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Regeneration is also covered by indicators for SFM. Photo: S. Linser.

Sparked in part by the Rio Earth Summit of 1992, the use of criteria and indicators (C&I) for sustainable forest management (SFM) has become an ever more present aspect of forest management.

Since that ’92 summit, “the focus of academic attention has been mainly on global forest governance with a research gap regarding regional (or international) forest related processes,” said Dr. Stefanie Linser of the European Forest Institute, who is also co-ordinator of IUFRO Working Party 9.01.05 on research and development of indicators for SFM.

“They are increasingly important nowadays, in light of the UN Sustainable Development Goals and emerging global challenges,” she said.

C&I are defined by the Food and Agriculture Organization of the UN as: “… a framework that characterizes the essential components of SFM, and recognise(s) forests as ecosystems that provide a wide range of environmental, economic and social benefits to society. The overall aim of criteria and indicators is to promote more sustainable forest management practices, taking into consideration the social, economic, environmental, cultural and spiritual needs of different stakeholders.”

Thirteen experts from Dr. Linser’s IUFRO Working Party have researched the use and the usefulness of C&I in the quarter-century following the ‘92 summit and have jointly put together two publications covering all C&I processes and regions worldwide.

In one paper, they look at “how” the C&I processes have made a difference. In the other they look at “why” some C&I processes have flourished and others have faded.

Their conclusion is that the 25 years of C&I work in forestry has had significant positive impacts, though challenges do remain.

In the “how” publication the authors point to six areas where positive impacts are easily seen:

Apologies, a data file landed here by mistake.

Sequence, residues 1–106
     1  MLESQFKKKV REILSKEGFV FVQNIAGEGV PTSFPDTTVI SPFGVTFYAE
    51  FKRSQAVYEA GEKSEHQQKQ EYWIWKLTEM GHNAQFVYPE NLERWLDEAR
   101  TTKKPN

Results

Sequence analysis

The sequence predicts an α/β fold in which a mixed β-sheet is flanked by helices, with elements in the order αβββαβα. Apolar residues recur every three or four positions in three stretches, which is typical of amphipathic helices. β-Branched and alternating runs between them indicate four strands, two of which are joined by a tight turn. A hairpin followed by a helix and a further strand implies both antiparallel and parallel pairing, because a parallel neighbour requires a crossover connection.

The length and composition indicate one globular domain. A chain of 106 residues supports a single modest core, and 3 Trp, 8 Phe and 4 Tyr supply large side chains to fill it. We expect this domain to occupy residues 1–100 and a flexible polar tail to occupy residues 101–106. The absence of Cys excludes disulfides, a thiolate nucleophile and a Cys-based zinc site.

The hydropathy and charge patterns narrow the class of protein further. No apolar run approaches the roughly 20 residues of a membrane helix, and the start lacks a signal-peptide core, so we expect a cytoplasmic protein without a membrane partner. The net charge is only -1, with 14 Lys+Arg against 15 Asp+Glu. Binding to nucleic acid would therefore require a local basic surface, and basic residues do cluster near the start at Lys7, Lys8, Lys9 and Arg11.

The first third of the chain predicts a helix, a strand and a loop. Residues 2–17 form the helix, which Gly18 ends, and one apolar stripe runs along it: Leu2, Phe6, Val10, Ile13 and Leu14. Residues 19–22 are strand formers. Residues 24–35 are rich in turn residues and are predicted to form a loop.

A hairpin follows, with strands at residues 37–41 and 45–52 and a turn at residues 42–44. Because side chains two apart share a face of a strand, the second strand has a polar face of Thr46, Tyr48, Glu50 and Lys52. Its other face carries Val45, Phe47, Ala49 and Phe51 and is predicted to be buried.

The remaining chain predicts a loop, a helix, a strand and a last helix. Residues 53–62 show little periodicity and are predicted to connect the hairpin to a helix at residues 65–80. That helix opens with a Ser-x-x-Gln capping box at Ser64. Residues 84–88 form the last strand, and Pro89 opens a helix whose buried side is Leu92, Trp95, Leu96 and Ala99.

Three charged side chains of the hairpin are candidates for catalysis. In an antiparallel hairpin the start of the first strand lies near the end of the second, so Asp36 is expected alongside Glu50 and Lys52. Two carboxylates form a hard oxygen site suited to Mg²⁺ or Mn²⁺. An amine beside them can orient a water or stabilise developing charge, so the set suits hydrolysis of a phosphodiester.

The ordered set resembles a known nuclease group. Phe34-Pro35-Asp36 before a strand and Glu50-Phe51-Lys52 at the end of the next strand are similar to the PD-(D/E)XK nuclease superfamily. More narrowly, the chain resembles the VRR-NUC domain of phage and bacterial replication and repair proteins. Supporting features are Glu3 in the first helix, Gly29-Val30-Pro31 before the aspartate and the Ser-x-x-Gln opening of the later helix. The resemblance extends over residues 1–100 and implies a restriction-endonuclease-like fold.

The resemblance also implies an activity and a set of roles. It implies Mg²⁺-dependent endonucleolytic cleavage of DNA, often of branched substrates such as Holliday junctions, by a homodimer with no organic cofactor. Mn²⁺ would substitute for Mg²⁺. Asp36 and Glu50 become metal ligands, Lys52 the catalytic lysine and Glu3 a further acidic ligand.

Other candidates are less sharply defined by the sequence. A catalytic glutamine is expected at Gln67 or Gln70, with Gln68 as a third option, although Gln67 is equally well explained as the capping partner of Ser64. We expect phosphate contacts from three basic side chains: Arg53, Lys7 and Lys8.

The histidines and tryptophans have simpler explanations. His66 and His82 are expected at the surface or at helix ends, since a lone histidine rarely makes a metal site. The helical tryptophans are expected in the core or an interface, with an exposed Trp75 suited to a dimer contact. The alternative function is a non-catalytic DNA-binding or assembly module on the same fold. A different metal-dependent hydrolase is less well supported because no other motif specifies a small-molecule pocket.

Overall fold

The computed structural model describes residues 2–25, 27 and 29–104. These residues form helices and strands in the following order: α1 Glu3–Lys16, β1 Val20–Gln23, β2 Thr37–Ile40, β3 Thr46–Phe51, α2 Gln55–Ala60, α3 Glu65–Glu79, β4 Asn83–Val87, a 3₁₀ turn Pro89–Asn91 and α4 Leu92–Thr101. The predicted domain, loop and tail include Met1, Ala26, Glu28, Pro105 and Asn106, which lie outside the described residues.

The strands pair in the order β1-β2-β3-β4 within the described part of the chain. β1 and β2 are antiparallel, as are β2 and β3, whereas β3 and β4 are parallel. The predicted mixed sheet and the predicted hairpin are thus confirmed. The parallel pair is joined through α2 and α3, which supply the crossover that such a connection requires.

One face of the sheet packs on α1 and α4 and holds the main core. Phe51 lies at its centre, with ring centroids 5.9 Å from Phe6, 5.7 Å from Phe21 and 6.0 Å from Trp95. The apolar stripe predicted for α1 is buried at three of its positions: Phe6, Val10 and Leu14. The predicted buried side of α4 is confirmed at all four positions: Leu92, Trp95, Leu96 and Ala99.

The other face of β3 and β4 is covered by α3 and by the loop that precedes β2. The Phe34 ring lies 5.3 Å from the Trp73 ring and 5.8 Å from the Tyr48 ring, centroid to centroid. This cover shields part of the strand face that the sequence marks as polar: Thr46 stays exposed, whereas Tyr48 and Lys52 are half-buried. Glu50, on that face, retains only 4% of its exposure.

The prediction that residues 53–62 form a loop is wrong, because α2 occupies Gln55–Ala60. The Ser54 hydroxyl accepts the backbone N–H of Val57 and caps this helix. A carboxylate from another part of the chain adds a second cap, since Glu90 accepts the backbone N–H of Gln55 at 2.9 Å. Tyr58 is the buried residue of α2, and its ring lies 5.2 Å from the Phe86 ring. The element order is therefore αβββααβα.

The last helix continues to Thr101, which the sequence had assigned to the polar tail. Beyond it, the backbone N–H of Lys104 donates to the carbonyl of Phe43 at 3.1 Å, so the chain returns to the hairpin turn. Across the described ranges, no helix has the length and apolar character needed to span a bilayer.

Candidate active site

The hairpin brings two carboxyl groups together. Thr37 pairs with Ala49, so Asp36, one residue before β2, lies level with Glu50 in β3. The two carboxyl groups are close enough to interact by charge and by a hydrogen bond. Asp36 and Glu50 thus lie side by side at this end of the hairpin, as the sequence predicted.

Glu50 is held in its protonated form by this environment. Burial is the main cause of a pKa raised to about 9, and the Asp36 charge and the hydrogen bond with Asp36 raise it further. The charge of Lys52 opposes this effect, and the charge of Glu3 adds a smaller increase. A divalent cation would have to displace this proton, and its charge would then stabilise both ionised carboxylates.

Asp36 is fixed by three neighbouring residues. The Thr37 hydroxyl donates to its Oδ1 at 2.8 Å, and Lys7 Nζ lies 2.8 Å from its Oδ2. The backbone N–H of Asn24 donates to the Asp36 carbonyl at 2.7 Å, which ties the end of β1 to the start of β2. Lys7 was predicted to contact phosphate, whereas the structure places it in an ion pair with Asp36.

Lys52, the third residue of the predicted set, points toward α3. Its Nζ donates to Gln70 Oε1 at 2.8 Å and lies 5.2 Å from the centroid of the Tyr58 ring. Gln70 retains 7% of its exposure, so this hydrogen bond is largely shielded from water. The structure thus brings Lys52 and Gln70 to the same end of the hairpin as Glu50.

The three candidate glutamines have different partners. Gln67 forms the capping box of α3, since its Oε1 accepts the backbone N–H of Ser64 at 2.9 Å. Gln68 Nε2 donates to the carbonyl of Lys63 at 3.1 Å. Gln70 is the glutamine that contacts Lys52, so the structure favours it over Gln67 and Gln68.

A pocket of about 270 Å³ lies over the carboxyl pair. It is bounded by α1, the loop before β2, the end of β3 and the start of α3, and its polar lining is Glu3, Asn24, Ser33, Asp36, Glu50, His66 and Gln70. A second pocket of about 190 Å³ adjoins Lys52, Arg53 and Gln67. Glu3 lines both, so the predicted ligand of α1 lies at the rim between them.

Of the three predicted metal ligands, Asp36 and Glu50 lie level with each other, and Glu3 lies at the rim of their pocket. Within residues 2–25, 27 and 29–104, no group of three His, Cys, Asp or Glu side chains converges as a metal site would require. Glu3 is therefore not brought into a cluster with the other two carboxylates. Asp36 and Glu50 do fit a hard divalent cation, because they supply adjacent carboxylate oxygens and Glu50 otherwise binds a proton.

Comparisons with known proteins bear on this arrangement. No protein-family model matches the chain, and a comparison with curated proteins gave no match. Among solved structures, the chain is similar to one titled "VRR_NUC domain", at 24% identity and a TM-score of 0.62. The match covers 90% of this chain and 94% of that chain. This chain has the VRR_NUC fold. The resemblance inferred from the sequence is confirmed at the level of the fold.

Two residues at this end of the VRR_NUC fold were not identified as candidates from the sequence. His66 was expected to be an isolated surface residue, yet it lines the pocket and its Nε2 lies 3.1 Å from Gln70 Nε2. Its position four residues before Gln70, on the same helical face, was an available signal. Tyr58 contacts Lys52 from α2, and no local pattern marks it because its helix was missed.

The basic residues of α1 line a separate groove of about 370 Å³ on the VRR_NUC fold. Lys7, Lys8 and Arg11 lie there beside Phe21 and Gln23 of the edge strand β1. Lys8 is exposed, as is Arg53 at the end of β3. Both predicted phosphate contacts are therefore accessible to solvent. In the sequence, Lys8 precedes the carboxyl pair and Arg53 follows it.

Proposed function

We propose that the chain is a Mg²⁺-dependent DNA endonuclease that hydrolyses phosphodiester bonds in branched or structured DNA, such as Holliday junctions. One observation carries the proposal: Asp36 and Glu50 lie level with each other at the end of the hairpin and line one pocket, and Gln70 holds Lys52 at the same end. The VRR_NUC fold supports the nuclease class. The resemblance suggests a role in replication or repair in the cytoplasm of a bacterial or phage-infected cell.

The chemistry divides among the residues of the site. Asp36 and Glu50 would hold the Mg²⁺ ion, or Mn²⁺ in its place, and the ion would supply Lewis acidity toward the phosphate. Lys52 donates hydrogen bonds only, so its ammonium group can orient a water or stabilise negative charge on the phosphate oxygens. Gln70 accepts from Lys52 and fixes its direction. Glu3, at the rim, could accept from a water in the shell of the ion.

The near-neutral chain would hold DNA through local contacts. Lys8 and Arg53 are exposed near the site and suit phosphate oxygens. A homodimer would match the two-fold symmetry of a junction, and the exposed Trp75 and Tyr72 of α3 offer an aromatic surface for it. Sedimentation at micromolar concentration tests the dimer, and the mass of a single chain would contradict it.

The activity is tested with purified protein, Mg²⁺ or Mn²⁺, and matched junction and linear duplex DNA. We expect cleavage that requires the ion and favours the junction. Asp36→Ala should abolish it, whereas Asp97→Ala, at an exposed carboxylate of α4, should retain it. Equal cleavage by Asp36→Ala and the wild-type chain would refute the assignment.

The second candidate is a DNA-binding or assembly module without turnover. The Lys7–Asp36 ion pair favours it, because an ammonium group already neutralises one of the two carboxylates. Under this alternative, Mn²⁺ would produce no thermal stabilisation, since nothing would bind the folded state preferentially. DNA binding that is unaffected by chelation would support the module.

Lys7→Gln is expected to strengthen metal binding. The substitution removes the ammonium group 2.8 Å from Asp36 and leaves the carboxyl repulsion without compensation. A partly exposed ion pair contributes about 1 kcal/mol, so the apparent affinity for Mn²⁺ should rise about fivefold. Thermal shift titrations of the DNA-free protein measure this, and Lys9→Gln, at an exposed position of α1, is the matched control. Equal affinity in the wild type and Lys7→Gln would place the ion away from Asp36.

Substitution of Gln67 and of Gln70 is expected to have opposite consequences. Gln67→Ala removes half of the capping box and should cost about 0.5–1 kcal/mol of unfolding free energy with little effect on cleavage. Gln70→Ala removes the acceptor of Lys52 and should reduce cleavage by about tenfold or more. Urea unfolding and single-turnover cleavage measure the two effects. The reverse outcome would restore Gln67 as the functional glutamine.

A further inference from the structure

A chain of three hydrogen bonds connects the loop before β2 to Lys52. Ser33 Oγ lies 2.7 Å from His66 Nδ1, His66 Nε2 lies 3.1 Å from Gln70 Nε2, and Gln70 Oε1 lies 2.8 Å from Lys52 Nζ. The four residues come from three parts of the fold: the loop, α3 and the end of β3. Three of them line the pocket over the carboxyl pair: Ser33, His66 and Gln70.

• Enhanced discourse and understanding of SFM;
  • Helped to shape and focus the engagement of science in SFM;
  • Improved monitoring and reporting of SFM, which facilitates transparency and evidence-based decision making;
  • Strengthened forest management practices;
  • Initiated assessment of progress toward SFM goals; and
  • Improved forest-related dialog and communication.

“For forest managers, C&I are a feasible tool for generating understandable and reliable information on progress towards sustainable forest management,” said Dr. Linser.

“They increase transparency of decision-making, and demonstrate compliance with different standards or goals. They also allow policy makers to obtain easily comprehensible evidence of the effectiveness of policy measures,” she said.

However, she went on to say, “There is a wide variation in the quality of adaptation of the regional or international C&I sets onto the national level, and hence in SFM monitoring and reporting.”

Going forward, she believes that political will and respective strategies to further promote C&I are crucial. “If those are missing, it leads to insufficient funding, low data availability, a lack of trained personnel and expertise, a lack of effective promotion and little or no inclusion into policy/decision-making processes.”

The “why” publication notes that there has been an unevenness in the application across countries. “Lagging funds, capacities and political support can be a major obstacle for C&I implementation with consequences on the knowledge base and the state of SFM,” Dr. Linser said.

“Another issue is that C&I are often very top-down in their design and development. This can create challenges when it comes to implementation on the ground. One finding is that rural communities are marginalized by the origin and design of the C&I as they are reflected in state-determined forest management plans.

“To remedy that, there is a need for active national participation based on commitment, true stewardship, funding and capacity building,” she added.

“If you are a policy maker, C&I for SFM constitute a powerful policy tool for collecting and synthesizing understandable information – from the global to the local level – to facilitate decision-making processes on the state of forests and forestry, and on progress towards sustainable forest management.”

The bottom line, said Dr. Linser, is that “C&I require constant review and the procedural power to respond to emerging trends, and questions that arise from policy debate and public concerns. Hence, C&I are not a static instrument, but a dynamic tool to grasp all relevant forest information. Coordination and sufficient funding of all related activities as well as true stewardship and commitment of all related stakeholders are essential in this respect.”

The publications can be found at: https://www.iufro.org/science/divisions/division-9/90000/90100/90105/

25 Years of Criteria and Indicators for SFM: Why some intergovernmental C&I Processes flourished while others faded

25 Years of Criteria and Indicators for SFM: How intergovernmental C&I Processes have made a difference


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